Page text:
Arduino Button presses that are handled like events
Have you ever wanted to treat button presses in Arduino similar to other languages, where you get an event callback when the switch is pressed? Look no further, the IO abstraction library can do that with very little fuss. In fact it can also do the same for rotary encoders as well, treating them similar to how scroll bars work in desktop applications. To start we need to get the IoAbstraction library and open the buttonRotartyEncoder example.
Programming Arduino using tasks instead of loops - tutorial
In this tutorial for IoAbstraction’s taskManager I explain the differences between traditional loop based programming; which is very common on the Arduino platform and event based programming based on taskManager. Although event based programming looks slightly more complicated at first, as the sketch and surrounding code gets more complex, eventing will scale to that much easier. Eventing task frameworks make ongoing maintenance much easier. Example: Two LEDs blink at different rates.
Task Manager - Spin Lock guide
Task Manager supports the concept of Spin Locks to protect sensitive asynchronous operations from becoming interleaved. For example, to protect sensitive blocks of code. Be very aware that this does not include a memory barrier. A spin lock loops waiting for the lock to become available, you can either spin for a period of time, or until the lock is acquired. While waiting for the lock in the spin, TASKS DO NOT RUN, and you must never call yieldForMicros while holding a lock.
All library - Cross platform build support
Moved, see [arduino-libraries.md] for the list.
IoAbstraction - Cross platform build support
See Arduino libraries compatibility matrix. General Arduino On all devices we try to configure the device to the highest precision possible, and provide read and write methods based on float values between 0 and 1. Notes for mbed For mbed we support mbed V5 and V6 Bare-Metal and RTOS. Pins are managed using the underlying gpio methods. Interrupts are managed using InterruptIn. Analog input PWM output, and DAC output are all supported, DAC output is only enabled when the board has an onboard DAC.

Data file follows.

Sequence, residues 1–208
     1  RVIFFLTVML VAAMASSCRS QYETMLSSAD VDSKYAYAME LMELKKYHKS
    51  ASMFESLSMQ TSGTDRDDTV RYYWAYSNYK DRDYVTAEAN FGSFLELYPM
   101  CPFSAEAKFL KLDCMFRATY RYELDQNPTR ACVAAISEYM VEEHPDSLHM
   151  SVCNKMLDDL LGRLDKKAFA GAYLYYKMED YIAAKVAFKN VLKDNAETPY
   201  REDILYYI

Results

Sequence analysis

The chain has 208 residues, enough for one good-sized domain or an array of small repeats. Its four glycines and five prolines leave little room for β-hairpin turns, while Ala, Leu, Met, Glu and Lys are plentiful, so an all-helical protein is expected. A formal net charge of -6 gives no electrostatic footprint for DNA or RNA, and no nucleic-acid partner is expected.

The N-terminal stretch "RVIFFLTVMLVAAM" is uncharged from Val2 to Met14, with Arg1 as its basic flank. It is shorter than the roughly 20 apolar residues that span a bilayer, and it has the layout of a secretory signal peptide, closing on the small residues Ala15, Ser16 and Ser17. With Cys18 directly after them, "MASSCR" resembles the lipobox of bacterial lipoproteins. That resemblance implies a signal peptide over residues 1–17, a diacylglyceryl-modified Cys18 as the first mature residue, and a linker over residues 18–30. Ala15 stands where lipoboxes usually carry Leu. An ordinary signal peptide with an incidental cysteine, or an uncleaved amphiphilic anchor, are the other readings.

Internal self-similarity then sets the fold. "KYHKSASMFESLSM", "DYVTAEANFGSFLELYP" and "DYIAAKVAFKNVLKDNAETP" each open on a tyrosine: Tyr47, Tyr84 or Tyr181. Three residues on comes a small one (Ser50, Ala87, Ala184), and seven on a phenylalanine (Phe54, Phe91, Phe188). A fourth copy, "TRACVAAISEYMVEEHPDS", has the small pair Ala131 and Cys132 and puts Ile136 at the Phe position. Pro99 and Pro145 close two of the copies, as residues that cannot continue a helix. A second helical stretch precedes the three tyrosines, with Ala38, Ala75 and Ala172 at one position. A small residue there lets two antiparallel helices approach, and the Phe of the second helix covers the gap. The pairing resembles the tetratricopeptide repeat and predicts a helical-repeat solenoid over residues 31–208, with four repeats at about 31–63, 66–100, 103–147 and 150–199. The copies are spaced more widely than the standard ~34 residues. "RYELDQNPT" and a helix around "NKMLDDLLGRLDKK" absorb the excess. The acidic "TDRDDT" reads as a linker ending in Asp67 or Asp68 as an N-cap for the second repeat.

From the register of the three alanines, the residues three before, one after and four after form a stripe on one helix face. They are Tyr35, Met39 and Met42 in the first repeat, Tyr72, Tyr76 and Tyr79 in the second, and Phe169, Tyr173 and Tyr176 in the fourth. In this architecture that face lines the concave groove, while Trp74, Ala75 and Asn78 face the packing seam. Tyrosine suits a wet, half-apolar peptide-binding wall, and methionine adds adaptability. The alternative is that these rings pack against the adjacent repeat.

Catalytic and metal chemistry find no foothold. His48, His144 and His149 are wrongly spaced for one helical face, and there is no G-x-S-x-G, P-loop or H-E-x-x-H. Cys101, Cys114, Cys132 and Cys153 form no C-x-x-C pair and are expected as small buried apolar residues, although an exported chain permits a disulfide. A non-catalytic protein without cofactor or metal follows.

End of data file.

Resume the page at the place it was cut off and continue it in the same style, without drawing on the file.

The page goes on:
Marshalling interrupts into TaskManagerIO tasks
Interrupt handling is generally an advanced topic, but this library provides a very simple way to handle interrupts. There are two ways to handle interrupts in TaskManagerIO, the first is by marshalling, and the second is by writing an event. We recommend that all new code uses the event method to handle interrupts, although we have no plans to deprecate the method below. When you tell the library to handle an interrupt, the library registers the interrupt handler on your behalf, then when the condition is met the internal handler is triggered, it sets a flag to tell the library an interrupt has been raised.
Touch screen support that works on all Arduino and mbed boards
IoAbstraction includes support for touch screens. The support is built in layers to allow for different drivers to be added over time. However, at the moment there is support for resistive touch screens on analog pins. This library can work with such touch screens regardless of analog input resolution, as long as the device is supported by IoAbstraction. As with switches and rotary encoder support, this component deals with debouncing the user input and also working out if the user has selected or held, therefore supporting drag operations.
Creating interrupt and threaded events with TaskManager
In this guide we assume that you are familiar with the API for scheduling tasks on task manager. Let’s first discuss what we consider an event to be, and what it means to be an interrupt or threaded event. Interrupt or threaded events are subject to external actors (such as threads or interrupts). In this case the event will invariably be triggered by an external event. However, task manager will still ask your event class instance if it is ready to be triggered yet by polling, but in this case you have two choices as listed out below:
How to create a polled event with TaskManager
In this guide we assume that you are familiar with the API for scheduling tasks on task manager. Let’s first discuss what we consider an event to be, and what it means to be a polled event. By polling we mean no external actors (such as threads or interrupts) are involved. Task manager will ask your event instance frequently if it is ready to be triggered yet, if it is not then task manager will take your instruction on how long to wait, and then call again.
Scheduling tasks with Task Manager on Arduino and mbed
Using TaskManager in your sketches TaskManager is a very simple co-operative coroutines / executor framework that allows work to be scheduled in an internal queue. Instead of writing code using delays, one simply adds jobs to be done at some point in the future. In addition to this, interrupt handling is also supported, such that the interrupt is “marshalled” and handled like a very high priority task to be processed immediately.